Tuesday, February 15, 2005

Willpower, easier said than done..

For the occultist or magician, the most powerful tool is his will. The power of concentration and willpower are arguably the most important tools at his disposal. Their are various exercises and techniques to improve this, and I'm going to highlight just a few that I find particularly useful.
Firstly it is important to find a position that is comfortable for the student. It needs to be relaxed but not so that you will fall asleep. This in itself may take some time to master, but once you have found it, it is a comfort to resume when you are looking to meditate. A simple way to relax the body is to go through every part of the body tensing and relaxing, or just concentrating on each part and telling it to relax.
The mind is the really tough part to relax. The aim is to eventually still the mind, but that is for a different purpose, and for now we are talking about formulating will and concentration.
In the mind you should pick one simple object, a triangle, or a cross. Perhaps a white cross on a black background for example. Now although it sounds easy to concentrate on this, it really isn't. Once you have tried for a while, you may think you are doing it easily, but you will soon realise you are not. To fix the object visually within the mind, without it moving, changing shape or transforming into somthing else is very difficult, even for a few seconds. The mind often wanders and before you know it you may be thinking about somthing completely different. This is also where the use of a mantra comes in. The purpose of chanting a mantra can be likened to a spinning wheel or cog, any mud thrown at it will be spun away, deflected. The mantra should be spoken quickly and should be something that flows off the tounge. It needn't be aloud, but it may be easier to have it on the lips when first starting. Your mind should not think of anything exept the matra and the object. Now, I wouldn't advise trying this for to long to start with, maybe five mintes practice or something like that, as it is really quite fatiguing.
The more you practice the more you will find it easier to do and you can move to more complicated objects, such as pentagrams and hexagrams. And two at once. You may come to a point (i did) where it seems you are going backwards and concentrating is almost impossible. Keep persevering, I found this the point where I actually began to do this properly, instead of half kidding myself I could do it.
This exercise is invaluable at hightening concentration. And when mastered can be used effectively when beginning to project your 'images' or 'will'.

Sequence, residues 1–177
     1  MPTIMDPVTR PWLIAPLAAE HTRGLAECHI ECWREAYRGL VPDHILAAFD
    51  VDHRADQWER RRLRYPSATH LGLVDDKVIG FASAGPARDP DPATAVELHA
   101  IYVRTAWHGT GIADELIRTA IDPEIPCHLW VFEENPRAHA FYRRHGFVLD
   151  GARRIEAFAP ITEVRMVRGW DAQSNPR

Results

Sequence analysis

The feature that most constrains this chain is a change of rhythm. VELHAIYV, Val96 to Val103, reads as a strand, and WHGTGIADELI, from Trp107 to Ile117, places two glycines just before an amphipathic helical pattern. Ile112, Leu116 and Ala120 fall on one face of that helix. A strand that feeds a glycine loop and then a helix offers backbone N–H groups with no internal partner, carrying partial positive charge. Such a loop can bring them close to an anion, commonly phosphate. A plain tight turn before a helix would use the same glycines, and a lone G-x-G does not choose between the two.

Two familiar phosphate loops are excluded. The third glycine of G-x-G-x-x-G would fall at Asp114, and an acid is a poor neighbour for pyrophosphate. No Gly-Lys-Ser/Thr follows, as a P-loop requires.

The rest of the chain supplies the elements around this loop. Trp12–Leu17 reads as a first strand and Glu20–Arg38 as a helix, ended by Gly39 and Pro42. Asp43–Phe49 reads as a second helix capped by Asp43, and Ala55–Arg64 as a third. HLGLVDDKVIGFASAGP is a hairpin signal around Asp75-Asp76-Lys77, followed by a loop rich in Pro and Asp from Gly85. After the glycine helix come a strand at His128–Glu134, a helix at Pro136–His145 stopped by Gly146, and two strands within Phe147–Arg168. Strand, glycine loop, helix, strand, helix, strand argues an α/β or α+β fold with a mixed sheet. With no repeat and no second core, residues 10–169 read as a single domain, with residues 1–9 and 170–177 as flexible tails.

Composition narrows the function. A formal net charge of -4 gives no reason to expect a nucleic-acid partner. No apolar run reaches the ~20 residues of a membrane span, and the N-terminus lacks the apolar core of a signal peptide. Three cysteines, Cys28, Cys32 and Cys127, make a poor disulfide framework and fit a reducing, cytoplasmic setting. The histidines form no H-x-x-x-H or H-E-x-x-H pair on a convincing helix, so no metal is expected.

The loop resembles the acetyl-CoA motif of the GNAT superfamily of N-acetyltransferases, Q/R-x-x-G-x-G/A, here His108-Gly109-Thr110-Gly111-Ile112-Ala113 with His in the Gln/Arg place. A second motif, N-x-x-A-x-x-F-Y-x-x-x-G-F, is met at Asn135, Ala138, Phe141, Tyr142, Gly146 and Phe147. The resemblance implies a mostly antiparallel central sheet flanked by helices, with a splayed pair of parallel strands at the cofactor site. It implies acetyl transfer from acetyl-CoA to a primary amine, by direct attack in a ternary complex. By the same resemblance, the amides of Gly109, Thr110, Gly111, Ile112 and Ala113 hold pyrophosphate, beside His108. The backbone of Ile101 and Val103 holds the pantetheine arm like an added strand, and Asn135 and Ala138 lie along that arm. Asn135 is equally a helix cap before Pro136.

The second exercise I will mention is a key part of Gurdieff's system of work. (Gurdieff was a Russian philosopher who had a complicated system of occult beliefs he had devised through years of travelling in the east. - I will talk more about him at a later date, or if requested.) It is a method to help formulate the 'I'. It seems for most of us our 'I' changes all the time, from 'I' will do this later, to 'I' don't want to do this anymore etc.. (not a good example, apologies its late here!) It helps to develop the moment when we feel alive, Colin Wilsons X-factor, the moments memories are made of. Gurdieff believed we were the most part as machines, asleep through life and needed awakening. Anyway, the exercise is 'self observing'. This is simple but highly effective at sharpening the mind.
Whenever you remember (literally) look at yourself as objectively as possible, observe what you are doing, how you are feeling, what you are thinking about etc at any given moment. Don't analyse or judge, just look. Personally I almost imagine I'm looking at myself from outside my body, looking down at how I seem. Now this seems easy, and it is - the difficult part is remembering to do it!! One of Gurdieffs students, and famous philosopher in his own right P D Ouspensky, had been doing this for some period of time when he suddenly noticed everyone around him looked as though they were asleep. I personally had the same experience whilst travelling. I could almost see what poeple were dreaming, their faces fixed and 'vacant'. It is a bizarre experience and not one I shall forget. BUT it certainly sharpens the will. Trust me...
Go on, give it a go - let me know how you are getting on (see my profile for my email address)


Blogger michael said...

Thanks for an interesting blog. I agree that learning to focus in meditation is one of the hardest things to accomplish. practice, practice and even more practice :)


1:22 AM  

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